I answered the phone this evening to a woman who gave her name as though I should recognise it. She launched into an update on the local maternity hospital, now reopening several months after the suspension of key members of staff. I listened with half an ear, as the children ate their supper and I tried to fathom out why she had called me. I wear various hats in the town: resident, former police officer, lit fest director… I settled on my Women’s Institute hat, pulled it on and tried to concentrate on what she was telling me.
The woman talked about the need for local provision, and I of course agreed. She spoke of helping expectant mothers, encouraging breast feeding, offering support. No argument there. And then she enthused about the joy of labour; the sense of euphoria a woman feels when she becomes a mother. And that’s when I felt the phone slipping from my hand.
Quite a long time after my children were born, I was diagnosed with Post-Traumatic Stress Disorder. It’s a label far more suited to those who have experienced the horrors of conflict, but nevertheless it was passed to me: an unwelcome gift which arrived in the form of shakes and anxiety attacks, flashbacks and nightmares. My memories of labour are fractured: snapshots of wires, surgical masks, the tiles on the ceilings of hospital corridors as we raced towards theatre. For many years these images would force themselves on me at specific times: when I closed my eyes at night; when I lay on my back; when I heard a newborn cry.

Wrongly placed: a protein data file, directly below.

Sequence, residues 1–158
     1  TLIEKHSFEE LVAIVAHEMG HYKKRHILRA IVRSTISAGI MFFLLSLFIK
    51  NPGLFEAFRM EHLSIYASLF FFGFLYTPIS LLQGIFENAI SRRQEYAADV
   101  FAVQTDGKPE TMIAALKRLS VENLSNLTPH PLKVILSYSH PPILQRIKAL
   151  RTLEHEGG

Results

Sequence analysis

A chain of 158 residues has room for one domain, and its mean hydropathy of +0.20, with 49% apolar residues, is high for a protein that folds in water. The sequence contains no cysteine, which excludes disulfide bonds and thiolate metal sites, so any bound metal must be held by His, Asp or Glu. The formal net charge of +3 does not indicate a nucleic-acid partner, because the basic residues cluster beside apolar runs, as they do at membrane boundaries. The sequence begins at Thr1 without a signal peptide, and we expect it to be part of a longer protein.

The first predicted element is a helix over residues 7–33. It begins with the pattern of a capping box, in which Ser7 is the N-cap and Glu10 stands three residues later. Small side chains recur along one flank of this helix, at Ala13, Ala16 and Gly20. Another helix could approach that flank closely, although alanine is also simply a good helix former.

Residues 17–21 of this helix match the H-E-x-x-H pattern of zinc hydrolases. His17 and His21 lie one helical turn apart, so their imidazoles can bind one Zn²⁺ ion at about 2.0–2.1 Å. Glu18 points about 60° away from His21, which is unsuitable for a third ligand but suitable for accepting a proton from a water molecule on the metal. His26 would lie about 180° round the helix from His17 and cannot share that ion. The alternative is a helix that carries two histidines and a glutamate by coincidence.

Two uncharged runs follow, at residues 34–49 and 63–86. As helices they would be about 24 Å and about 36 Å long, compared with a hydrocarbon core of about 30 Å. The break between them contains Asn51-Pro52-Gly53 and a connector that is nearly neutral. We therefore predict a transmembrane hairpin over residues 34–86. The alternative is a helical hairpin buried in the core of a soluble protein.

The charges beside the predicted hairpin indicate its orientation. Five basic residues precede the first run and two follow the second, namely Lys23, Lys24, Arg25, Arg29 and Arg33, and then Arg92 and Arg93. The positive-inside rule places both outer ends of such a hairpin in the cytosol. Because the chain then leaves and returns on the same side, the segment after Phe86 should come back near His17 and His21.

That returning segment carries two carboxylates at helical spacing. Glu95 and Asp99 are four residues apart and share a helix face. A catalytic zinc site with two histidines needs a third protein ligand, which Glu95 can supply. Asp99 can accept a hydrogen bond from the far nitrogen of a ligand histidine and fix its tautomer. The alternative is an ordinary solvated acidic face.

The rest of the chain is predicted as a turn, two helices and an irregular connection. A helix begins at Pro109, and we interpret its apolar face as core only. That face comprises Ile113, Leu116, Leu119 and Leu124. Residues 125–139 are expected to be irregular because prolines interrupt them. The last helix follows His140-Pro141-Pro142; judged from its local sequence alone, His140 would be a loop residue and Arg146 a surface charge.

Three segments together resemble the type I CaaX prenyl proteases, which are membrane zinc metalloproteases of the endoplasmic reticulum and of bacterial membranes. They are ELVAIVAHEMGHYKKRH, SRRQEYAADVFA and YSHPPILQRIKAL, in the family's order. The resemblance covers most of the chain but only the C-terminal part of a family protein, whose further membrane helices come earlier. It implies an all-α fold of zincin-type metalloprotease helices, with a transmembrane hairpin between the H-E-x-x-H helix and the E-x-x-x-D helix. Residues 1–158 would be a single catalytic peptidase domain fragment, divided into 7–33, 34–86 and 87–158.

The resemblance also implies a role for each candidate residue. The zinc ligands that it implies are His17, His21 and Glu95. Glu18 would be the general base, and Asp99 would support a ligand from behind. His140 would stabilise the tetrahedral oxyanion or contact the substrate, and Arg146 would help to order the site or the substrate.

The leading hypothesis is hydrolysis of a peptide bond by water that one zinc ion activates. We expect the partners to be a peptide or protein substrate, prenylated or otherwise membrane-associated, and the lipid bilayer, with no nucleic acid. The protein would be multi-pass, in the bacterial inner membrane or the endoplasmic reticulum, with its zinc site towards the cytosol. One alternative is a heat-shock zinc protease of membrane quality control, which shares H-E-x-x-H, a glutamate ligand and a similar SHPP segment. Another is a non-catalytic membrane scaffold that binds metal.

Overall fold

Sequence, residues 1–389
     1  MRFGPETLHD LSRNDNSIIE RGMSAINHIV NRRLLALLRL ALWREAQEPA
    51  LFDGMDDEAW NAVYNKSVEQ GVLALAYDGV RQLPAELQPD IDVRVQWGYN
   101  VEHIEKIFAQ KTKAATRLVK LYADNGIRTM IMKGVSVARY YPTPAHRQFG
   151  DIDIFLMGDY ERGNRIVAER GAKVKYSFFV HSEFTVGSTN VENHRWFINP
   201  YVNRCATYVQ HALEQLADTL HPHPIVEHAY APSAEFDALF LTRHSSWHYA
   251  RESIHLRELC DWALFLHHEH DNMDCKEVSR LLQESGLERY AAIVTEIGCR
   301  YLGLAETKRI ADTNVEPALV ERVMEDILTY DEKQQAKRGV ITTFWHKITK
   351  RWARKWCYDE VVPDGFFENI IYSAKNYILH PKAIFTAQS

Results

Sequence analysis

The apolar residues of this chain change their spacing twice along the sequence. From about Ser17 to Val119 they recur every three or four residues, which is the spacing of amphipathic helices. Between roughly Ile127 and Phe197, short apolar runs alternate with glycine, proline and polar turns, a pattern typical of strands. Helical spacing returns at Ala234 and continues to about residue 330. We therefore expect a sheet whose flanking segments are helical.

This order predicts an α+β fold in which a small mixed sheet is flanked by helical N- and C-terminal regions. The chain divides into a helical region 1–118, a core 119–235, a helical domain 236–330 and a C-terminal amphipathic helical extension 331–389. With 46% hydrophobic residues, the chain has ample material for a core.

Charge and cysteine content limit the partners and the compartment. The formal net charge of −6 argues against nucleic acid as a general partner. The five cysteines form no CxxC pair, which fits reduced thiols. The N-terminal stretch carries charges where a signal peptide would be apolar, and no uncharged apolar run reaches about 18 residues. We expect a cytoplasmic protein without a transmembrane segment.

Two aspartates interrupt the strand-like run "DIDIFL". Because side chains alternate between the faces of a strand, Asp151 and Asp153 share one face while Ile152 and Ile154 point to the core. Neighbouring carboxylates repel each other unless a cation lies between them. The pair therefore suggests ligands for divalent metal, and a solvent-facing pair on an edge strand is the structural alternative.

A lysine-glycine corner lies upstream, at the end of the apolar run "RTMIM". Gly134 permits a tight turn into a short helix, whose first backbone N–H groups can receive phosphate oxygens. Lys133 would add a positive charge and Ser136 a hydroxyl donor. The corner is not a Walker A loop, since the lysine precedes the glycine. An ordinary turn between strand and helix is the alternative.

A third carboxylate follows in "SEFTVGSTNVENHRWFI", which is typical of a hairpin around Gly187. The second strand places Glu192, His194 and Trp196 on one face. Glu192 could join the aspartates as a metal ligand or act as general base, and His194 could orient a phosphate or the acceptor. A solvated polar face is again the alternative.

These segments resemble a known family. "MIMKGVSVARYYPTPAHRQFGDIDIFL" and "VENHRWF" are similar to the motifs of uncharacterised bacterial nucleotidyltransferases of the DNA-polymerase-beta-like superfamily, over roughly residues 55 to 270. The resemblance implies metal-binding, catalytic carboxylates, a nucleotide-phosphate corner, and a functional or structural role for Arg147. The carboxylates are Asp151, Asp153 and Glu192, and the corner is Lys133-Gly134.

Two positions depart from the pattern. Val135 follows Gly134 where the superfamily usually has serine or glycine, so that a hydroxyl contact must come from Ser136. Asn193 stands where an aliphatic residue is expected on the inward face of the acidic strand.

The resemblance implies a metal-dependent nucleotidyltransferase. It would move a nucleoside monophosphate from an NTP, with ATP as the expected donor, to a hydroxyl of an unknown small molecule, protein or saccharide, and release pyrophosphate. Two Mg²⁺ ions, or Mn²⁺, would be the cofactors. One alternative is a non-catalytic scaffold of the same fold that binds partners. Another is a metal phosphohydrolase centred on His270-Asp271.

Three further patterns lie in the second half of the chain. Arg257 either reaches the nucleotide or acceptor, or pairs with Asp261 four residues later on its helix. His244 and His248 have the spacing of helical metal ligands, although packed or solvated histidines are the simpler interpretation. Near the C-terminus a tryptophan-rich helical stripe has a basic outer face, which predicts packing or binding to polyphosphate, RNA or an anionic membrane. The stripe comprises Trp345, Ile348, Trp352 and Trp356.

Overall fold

Gradually, over the last few years, the anxiety has lessened, to the point where I can walk into a hospital without checking my pace, and hear someone’s birth story without a clutch of panic in my throat. The children are so much older now, and so the triggers are fewer: at school pick-up no-one cares how you laboured.
But today, as the voice on the phone grew fainter, and the room around me span, I saw it all again. From nowhere the smell of blood assaulted me, and I felt that familiar wave of panic engulf me until I was fighting to swallow. I can’t talk, I told her. I can’t…
I hung up and anchored myself against the kitchen counter, while the here-and-now continued around me, and I concentrated on bringing my breathing under control. In and out. In and out.
It has unnerved me: that a six-year-old experience still has such power over me; that the most innocuous of situations could trigger a panic attack. I thought I had beaten it, but now I wonder if I will always feel this way, and the prospect deadens my heart.
There are three types of mothers, I believe. There are those happy few who have textbook births, with support all around them and a healthy, term baby. Then there are the majority: the women forced to rip up their carefully thought-out birth plan, who wince when you ask them how the birth was, but then break into a grin and tell you it was all worth it. And finally there are the rest of us, stumbling blindly from labour as though from a gas explosion, unable to believe we have even survived. Survive we do, but I realise now that rarely do we escape unscathed.